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Truth Hurts: Fall of Canada’s Selina Robinson Over ‘Crappy’ Palestine Comment

My Aunt, Penina (Polly) starting the dairy farm at Kibbutz Na'an in 1929-30
My Aunt, Penina (Polly) (R.) starting a dairy farm at Kibbutz Na'an with seven cows in 1929-1930

The provincial education minister of British Columbia (B.C.), Canada, Minister Selina Robinson made the following comments about pre-1948 Palestine on Jan. 30: “a crappy piece of land with nothing on it”.

Then all hell broke loose.

Minister Robinson: “I want to apologize for my disrespectful comment referring to the origins of Israel on a ‘crappy piece of land. I was referring to the fact that the land has limited natural resources.”

Her apology was not accepted.

Criticism followed. One of her colleague Members of parliament said that Robinson had shown “an appalling disregard for the horrific violence being inflicted on Palestinians.” Their homeland wasn’t “a crappy piece of land with nothing on it“, he wrote. “People lived on it. Families lived on it. Villages flourished. They loved this land.”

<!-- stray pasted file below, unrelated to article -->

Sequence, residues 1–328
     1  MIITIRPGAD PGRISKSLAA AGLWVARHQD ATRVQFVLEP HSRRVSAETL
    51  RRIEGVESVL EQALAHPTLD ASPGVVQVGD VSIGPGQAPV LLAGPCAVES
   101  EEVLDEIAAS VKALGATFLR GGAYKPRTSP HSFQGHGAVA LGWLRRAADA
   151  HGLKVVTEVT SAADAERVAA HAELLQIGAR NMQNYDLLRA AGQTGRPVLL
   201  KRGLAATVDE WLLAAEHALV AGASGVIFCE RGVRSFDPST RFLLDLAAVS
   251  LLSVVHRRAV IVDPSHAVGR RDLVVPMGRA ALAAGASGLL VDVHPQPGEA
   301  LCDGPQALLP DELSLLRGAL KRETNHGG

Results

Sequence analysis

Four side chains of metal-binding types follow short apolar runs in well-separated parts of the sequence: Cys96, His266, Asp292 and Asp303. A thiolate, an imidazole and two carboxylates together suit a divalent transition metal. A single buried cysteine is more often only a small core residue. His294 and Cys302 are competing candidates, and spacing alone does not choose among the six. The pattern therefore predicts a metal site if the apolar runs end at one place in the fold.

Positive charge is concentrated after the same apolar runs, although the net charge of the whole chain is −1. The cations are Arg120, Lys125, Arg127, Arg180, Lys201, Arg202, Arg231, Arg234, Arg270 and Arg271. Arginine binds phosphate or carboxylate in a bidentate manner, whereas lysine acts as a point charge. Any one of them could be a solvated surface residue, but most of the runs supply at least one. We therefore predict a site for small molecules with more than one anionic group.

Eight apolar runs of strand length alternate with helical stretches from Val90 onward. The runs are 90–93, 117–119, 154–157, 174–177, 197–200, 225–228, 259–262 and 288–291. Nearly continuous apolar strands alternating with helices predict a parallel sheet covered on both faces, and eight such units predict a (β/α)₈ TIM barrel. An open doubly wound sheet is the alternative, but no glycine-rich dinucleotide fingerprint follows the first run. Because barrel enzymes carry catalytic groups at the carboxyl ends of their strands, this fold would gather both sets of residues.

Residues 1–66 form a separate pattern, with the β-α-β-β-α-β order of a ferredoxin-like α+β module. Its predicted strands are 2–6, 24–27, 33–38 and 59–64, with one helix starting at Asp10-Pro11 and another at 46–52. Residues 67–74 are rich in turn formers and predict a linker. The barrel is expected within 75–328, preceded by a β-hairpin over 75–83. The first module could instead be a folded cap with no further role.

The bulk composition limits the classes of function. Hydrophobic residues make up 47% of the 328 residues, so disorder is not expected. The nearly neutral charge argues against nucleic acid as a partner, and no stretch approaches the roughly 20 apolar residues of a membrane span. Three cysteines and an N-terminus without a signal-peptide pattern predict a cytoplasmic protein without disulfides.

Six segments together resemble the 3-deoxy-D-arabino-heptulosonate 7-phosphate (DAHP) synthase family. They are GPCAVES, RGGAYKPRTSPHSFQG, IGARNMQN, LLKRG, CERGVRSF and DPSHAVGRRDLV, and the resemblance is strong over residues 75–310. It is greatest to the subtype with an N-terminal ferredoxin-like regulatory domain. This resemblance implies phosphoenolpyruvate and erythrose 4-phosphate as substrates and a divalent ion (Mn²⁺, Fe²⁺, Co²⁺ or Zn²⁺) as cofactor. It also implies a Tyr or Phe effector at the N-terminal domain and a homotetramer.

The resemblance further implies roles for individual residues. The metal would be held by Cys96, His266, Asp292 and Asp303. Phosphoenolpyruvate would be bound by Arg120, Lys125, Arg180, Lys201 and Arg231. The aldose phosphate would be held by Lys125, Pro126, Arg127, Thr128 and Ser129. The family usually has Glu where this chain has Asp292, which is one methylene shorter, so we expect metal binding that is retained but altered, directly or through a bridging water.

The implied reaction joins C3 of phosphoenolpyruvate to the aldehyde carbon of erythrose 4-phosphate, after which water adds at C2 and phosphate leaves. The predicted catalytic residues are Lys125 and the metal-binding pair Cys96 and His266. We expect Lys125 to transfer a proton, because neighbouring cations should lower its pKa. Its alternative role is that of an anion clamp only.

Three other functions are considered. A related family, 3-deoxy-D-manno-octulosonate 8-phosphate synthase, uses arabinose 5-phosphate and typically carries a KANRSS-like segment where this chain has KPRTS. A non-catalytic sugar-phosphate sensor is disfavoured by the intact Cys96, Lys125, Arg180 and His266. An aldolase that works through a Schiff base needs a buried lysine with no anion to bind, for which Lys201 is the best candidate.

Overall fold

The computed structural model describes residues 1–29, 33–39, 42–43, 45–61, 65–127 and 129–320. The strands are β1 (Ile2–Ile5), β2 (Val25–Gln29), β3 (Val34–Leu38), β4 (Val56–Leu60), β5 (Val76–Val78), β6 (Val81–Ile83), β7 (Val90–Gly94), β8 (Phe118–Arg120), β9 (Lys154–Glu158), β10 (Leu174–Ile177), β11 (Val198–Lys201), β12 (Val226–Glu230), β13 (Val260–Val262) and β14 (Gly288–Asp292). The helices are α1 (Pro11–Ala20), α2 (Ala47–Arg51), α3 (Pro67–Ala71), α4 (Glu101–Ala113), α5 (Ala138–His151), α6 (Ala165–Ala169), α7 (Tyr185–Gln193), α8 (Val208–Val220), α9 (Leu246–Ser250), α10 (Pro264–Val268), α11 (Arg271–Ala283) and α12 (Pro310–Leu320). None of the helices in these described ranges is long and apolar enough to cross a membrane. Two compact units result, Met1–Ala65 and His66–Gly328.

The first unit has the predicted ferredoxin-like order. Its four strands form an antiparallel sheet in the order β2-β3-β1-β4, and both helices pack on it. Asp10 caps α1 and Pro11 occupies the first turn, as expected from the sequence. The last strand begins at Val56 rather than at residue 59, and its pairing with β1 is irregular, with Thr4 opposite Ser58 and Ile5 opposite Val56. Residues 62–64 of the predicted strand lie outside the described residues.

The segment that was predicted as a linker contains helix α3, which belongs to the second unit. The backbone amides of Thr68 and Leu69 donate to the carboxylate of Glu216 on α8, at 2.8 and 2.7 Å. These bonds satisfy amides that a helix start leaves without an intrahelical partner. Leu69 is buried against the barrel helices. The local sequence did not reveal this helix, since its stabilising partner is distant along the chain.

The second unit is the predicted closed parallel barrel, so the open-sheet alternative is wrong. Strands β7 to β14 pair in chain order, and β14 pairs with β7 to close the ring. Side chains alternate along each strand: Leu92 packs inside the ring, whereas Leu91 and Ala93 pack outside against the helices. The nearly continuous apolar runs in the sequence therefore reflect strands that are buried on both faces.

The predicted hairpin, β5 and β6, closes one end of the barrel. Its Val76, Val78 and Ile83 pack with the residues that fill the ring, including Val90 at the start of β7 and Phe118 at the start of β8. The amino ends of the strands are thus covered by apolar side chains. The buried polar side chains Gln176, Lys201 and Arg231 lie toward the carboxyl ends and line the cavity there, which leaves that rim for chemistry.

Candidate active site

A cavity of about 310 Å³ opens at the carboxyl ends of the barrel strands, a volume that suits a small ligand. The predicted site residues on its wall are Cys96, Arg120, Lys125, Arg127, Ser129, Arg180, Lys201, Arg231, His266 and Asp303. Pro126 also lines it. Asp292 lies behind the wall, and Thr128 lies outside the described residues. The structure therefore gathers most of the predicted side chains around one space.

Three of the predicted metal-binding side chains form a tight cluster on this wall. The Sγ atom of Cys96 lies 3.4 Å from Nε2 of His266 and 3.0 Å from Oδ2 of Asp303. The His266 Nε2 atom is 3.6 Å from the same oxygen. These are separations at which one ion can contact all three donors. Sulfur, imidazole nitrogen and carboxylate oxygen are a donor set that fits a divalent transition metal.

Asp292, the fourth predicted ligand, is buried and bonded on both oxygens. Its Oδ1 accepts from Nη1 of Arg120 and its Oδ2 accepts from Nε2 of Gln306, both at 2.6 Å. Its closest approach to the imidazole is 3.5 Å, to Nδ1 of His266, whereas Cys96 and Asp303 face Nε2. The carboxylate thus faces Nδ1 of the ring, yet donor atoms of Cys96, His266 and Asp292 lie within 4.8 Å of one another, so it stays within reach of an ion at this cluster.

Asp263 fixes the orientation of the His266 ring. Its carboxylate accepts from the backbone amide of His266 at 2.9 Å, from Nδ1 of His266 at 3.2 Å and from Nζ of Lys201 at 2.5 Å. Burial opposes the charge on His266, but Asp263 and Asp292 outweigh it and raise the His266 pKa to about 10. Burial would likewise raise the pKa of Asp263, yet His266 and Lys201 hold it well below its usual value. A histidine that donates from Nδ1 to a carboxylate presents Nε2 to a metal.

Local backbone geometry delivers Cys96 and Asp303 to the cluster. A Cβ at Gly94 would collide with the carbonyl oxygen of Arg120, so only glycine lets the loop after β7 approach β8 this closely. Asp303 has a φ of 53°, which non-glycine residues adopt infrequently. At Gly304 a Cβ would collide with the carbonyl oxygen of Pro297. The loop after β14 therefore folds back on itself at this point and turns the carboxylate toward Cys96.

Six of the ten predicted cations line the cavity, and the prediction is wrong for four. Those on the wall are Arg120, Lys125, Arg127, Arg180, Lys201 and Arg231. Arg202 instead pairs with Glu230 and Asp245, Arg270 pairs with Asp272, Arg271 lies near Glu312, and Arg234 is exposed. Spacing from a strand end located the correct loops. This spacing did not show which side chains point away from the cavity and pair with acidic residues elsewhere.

She apologized twice more, saying her remarks, diminished “the connection that Palestinians also have to the land,” and she apologized unreservedly. She offered to take anti-Islamophobia training.

According to a University of Victoria (B.C.) history professor, calling historic Palestine “a crappy piece of land” was not just insensitive, but also inaccurate.” Another B.C. professor at Simon Fraser University proclaimed, “I was surprised and flabbergasted by the comments because they are both incredibly ahistoric and inaccurate by every measure of knowledge.

The National Council of Canadian Muslims called them “horrendous; Palestine had a thriving economy, as well as a complex network of trade and commerce which contributed to the economic vibrancy in the region prior to 1948.” For this group, Robinson’s remarks apparently reflect a Zionist lie used by the nascent Zionist movement, they said.